Preact offers, in addition to the regular component API from React, the ability to access both props & state as function parameters to the render method. This lesson will cover an example of how to utilize this convenience along with how destructuring can make it even nicer to work with.
Many components within an application can be rendered using only data that is ‘passed’ to them by a parent. We call these “Functional Components” as they do not contain any internal state. In this lesson we look at how to define these types of components and how to pass data to them.
In this lesson we'll show how to use the
AutoSizer component from
react-virtualized to automatically measure the width/height of our content area. We'll then use the
List component to render our set of data as a virtualized list into the DOM using windowing.
In this lesson we'll create a Higher Order Component (HOC) that takes care of the
key property that React looks for when using
map to create elements from a list. This HOC will allow us to wrap any component and it will take care of placing the
key prop on the component for us based on the property name that we specify.
React Playground Styled is a responsive playground that can be configured with styled-components. It is built for documenting React components in the minimum space possible. You will normally wrap it in your own component to provide sensible defaults that make it blend with the look and feel your style guide.
Learn how and when to use the ‘pure’, ‘onlyUpdateForKeys’,
‘onlyUpdateForPropTypes’, and ‘shouldUpdate’ higher order components.
Each one provides a certain granularity of control over prevent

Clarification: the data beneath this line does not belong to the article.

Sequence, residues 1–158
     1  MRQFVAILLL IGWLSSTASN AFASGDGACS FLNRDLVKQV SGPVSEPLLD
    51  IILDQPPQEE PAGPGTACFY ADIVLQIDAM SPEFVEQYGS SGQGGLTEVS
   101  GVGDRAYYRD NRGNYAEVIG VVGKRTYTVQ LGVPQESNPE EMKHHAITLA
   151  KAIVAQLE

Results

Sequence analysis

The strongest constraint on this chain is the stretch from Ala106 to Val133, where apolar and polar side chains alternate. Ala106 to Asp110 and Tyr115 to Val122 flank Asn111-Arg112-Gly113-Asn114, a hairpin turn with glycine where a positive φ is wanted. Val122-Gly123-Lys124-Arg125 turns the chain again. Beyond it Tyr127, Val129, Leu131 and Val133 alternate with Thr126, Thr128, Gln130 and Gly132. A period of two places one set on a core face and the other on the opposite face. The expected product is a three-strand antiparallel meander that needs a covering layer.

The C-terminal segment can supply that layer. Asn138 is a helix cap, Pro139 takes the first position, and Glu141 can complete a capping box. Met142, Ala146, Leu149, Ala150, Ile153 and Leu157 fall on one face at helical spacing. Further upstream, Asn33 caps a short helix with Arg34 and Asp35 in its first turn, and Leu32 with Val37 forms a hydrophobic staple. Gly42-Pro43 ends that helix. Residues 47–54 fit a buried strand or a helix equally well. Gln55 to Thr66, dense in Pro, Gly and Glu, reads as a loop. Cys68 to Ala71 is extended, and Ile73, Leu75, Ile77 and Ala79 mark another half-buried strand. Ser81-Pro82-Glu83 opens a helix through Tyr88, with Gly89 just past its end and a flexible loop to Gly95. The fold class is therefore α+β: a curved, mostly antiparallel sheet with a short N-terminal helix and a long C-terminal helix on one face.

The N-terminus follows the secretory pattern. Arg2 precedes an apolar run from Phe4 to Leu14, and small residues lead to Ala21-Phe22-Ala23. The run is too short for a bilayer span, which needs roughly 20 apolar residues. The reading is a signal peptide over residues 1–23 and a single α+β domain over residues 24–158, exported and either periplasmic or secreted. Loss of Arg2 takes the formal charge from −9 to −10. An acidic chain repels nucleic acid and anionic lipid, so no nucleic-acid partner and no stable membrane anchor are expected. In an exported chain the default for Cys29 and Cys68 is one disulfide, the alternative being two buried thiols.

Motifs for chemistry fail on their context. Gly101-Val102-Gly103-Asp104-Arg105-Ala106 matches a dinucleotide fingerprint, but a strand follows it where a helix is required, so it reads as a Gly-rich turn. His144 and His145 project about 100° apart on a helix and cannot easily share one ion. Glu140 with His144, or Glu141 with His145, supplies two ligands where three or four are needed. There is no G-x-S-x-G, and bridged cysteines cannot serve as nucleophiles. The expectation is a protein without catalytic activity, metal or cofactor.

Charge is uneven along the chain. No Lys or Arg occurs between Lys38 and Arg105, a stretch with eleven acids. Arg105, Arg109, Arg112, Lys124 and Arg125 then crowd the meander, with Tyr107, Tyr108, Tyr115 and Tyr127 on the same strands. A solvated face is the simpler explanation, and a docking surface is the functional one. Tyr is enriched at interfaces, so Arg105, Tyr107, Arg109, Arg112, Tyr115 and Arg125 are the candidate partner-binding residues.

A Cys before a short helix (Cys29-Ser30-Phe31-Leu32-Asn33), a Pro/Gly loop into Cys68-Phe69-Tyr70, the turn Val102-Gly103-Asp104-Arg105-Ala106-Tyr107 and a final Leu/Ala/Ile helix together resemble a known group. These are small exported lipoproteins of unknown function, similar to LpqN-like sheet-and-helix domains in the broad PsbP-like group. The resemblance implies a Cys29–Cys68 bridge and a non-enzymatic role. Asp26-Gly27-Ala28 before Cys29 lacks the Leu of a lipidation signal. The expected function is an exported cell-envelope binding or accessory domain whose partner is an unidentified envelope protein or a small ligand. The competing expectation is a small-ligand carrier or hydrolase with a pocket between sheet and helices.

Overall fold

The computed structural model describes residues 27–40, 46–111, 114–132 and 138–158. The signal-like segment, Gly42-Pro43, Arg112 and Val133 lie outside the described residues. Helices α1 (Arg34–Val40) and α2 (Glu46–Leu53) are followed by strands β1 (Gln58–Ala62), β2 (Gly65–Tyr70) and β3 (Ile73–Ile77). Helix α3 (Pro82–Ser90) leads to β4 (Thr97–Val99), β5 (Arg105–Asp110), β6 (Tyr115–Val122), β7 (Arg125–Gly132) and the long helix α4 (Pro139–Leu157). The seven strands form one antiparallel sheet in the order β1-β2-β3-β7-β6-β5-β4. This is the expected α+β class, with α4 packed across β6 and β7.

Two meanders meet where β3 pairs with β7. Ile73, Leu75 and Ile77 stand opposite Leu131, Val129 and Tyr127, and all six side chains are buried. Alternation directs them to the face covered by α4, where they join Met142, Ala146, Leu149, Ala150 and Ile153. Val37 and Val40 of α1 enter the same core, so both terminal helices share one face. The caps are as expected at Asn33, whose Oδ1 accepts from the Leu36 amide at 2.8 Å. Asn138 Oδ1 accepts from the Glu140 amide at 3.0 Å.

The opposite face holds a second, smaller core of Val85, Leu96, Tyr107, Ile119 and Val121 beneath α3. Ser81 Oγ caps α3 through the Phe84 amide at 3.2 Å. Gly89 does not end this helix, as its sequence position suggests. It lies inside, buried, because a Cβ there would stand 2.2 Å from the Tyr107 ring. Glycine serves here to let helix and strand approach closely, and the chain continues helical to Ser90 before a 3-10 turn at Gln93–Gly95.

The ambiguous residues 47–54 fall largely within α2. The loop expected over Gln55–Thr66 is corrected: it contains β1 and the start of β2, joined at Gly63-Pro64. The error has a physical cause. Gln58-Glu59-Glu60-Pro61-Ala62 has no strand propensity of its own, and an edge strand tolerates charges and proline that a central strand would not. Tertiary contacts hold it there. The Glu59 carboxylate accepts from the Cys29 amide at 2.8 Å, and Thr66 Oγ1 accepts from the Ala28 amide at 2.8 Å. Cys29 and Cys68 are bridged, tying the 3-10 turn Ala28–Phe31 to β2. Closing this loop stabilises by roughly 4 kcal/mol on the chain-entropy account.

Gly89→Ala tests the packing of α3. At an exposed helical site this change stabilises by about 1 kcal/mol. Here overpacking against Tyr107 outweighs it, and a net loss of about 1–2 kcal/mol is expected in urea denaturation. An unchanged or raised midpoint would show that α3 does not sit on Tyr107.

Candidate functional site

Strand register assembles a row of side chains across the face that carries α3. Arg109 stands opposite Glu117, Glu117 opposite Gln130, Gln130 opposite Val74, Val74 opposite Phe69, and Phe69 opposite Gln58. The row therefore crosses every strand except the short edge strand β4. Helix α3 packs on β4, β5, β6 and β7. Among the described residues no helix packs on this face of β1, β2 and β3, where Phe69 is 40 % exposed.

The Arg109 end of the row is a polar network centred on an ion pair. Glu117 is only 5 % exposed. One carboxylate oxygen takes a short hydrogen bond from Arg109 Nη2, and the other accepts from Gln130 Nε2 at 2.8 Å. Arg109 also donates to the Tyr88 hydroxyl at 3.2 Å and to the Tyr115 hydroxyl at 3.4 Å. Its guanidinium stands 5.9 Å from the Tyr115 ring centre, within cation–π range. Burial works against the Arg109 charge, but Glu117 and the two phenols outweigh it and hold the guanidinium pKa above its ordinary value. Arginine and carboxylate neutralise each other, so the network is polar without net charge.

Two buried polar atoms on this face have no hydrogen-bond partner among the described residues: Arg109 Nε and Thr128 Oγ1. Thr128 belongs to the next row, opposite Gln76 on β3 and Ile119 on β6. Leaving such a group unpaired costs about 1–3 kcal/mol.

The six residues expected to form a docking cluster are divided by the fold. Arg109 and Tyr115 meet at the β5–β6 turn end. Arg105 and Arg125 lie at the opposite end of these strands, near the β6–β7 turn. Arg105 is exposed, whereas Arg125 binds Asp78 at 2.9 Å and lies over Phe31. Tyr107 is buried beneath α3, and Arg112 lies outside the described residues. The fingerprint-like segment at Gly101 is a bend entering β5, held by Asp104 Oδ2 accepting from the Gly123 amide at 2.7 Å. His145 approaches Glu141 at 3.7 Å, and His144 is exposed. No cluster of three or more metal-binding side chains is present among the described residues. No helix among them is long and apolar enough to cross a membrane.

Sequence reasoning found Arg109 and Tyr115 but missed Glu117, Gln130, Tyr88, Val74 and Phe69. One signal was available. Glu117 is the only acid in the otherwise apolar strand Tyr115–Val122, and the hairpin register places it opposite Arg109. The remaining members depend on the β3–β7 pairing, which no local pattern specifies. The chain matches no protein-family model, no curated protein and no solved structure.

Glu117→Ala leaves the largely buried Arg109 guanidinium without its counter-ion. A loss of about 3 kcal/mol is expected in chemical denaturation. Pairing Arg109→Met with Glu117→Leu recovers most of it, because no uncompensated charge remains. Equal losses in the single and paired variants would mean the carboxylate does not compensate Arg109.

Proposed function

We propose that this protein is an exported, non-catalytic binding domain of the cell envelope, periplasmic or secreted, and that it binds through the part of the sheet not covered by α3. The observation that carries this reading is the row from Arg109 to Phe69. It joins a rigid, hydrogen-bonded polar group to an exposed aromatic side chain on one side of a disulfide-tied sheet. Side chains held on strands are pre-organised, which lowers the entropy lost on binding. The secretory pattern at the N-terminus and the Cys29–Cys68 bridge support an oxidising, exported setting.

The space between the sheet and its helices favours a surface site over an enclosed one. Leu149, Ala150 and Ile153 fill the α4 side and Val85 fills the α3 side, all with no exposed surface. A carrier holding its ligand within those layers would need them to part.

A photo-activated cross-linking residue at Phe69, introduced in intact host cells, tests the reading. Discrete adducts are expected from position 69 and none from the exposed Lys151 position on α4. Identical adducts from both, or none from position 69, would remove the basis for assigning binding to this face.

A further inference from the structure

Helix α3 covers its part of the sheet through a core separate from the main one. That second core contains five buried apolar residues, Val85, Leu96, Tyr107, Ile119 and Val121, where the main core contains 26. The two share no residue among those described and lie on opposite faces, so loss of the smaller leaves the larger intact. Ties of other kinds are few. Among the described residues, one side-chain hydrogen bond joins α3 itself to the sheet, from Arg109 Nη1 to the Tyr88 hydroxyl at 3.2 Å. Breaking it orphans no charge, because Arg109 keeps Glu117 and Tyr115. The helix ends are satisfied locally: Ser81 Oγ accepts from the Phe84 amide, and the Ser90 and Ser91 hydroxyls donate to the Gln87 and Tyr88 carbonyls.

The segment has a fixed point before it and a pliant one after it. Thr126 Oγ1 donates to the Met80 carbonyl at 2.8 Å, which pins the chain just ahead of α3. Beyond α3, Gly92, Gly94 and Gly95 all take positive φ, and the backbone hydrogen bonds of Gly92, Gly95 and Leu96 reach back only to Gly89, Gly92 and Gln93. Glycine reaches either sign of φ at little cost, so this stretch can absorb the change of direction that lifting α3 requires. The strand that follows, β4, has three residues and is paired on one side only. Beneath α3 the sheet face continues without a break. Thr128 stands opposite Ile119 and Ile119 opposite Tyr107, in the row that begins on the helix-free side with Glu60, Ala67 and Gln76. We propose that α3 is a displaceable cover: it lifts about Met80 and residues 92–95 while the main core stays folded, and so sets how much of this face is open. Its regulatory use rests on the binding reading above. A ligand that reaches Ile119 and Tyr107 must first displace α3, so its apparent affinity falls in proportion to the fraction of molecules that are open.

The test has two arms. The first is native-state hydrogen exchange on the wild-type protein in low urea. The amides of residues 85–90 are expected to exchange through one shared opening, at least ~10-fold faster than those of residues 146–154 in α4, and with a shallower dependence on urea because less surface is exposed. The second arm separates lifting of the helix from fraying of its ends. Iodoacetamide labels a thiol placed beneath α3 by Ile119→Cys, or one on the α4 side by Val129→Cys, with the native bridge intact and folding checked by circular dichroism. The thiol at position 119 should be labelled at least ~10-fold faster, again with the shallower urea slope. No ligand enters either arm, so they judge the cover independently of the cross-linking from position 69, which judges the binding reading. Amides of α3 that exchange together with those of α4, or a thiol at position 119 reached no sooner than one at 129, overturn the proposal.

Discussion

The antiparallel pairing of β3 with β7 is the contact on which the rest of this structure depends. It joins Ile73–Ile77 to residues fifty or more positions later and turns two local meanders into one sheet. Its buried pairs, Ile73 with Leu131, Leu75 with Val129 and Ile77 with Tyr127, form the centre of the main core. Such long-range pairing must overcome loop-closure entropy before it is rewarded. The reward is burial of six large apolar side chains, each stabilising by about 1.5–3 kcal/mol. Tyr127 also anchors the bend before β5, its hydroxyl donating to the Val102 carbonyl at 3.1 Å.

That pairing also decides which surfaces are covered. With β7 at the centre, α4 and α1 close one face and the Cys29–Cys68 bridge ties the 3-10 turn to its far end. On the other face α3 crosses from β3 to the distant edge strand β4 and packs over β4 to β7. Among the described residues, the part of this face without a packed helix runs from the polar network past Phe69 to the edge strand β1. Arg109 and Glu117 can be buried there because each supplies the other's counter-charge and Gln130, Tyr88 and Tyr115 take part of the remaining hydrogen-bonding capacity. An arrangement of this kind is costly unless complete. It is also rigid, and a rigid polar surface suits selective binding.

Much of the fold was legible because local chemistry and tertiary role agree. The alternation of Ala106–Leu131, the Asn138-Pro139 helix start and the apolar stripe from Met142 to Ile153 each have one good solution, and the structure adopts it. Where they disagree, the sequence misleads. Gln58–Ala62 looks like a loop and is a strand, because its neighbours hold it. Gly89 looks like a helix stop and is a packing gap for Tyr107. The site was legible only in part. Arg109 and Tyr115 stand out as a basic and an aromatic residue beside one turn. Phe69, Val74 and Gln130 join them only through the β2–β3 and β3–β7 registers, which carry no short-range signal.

unnecessary renders. Learn how they build upon each other to provide
Learn about optimizations (like component squashing) that Recompose uses behind the scenes. More reading on Performance.
Learn how to use the ‘branch’ and ‘renderComponent’ higher-order components to show errors or messaging when your component is in a non-optimal state. Avoid putting extraneous logic to show errors or messaging into your core component by organizing your non-optimal states into custom higher-order components.
Learn how to user the ‘componentFromProp’ helper and ‘defaultProps’ higher order component to swap the underlying html tag of your component. Sometimes we want a component to behave the same overall but to use a different element in the HTML output. An example is swapping an for a or even a react router depending on circumstance.
Learn how to use the ‘branch’ and ‘renderNothing’ higher-order
components to render nothing when a certain prop condition is
met. Sometimes you only want to render a component when valid
props exist or are in a certain condition; ‘renderNothing’ is
an easy way to completely remove the component when you don’t
need to show it.
Learn how to use the 'mapProps' higher-order component to modify an existing component’s API (its props). 'mapProps' takes incoming props and changes them however you’d like; for example, filtering the props by a field.